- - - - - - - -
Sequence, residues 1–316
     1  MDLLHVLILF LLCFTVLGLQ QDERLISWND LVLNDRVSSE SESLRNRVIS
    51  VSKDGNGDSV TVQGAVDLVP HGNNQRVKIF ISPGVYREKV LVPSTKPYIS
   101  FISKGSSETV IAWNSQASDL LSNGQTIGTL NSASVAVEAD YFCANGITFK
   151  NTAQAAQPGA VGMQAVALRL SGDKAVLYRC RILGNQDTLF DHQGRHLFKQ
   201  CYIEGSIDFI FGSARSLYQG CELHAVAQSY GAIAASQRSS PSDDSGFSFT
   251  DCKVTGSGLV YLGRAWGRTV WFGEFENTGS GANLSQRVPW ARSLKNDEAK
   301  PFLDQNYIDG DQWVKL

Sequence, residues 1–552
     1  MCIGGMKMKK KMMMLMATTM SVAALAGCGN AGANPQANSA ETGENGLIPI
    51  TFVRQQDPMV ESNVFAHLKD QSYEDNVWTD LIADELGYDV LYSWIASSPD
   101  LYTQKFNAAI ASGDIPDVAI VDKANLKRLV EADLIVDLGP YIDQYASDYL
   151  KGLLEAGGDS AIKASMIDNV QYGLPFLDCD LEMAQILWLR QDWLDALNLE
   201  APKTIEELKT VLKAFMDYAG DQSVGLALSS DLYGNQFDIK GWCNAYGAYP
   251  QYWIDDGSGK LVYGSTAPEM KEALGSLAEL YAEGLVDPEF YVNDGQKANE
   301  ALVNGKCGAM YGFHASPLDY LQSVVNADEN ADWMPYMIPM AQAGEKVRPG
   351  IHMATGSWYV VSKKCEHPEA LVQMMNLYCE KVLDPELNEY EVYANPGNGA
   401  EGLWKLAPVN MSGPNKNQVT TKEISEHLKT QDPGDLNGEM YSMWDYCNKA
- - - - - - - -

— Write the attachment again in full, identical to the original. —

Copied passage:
Sequence, residues 1–316
     1  MDLLHVLILF LLCFTVLGLQ QDERLISWND LVLNDRVSSE SESLRNRVIS
    51  VSKDGNGDSV TVQGAVDLVP HGNNQRVKIF ISPGVYREKV LVPSTKPYIS
   101  FISKGSSETV IAWNSQASDL LSNGQTIGTL NSASVAVEAD YFCANGITFK
   151  NTAQAAQPGA VGMQAVALRL SGDKAVLYRC RILGNQDTLF DHQGRHLFKQ
   201  CYIEGSIDFI FGSARSLYQG CELHAVAQSY GAIAASQRSS PSDDSGFSFT
   251  DCKVTGSGLV YLGRAWGRTV WFGEFENTGS GANLSQRVPW ARSLKNDEAK
   301  PFLDQNYIDG DQWVKL

Sequence, residues 1–552
     1  MCIGGMKMKK KMMMLMATTM SVAALAGCGN AGANPQANSA ETGENGLIPI
    51  TFVRQQDPMV ESNVFAHLKD QSYEDNVWTD LIADELGYDV LYSWIASSPD
   101  LYTQKFNAAI ASGDIPDVAI VDKANLKRLV EADLIVDLGP YIDQYASDYL
   151  KGLLEAGGDS AIKASMIDNV QYGLPFLDCD LEMAQILWLR QDWLDALNLE
   201  APKTIEELKT VLKAFMDYAG DQSVGLALSS DLYGNQFDIK GWCNAYGAYP
   251  QYWIDDGSGK LVYGSTAPEM KEALGSLAEL YAEGLVDPEF YVNDGQKANE
   301  ALVNGKCGAM YGFHASPLDY LQSVVNADEN ADWMPYMIPM AQAGEKVRPG
   351  IHMATGSWYV VSKKCEHPEA LVQMMNLYCE KVLDPELNEY EVYANPGNGA
   401  EGLWKLAPVN MSGPNKNQVT TKEISEHLKT QDPGDLNGEM YSMWDYCNKA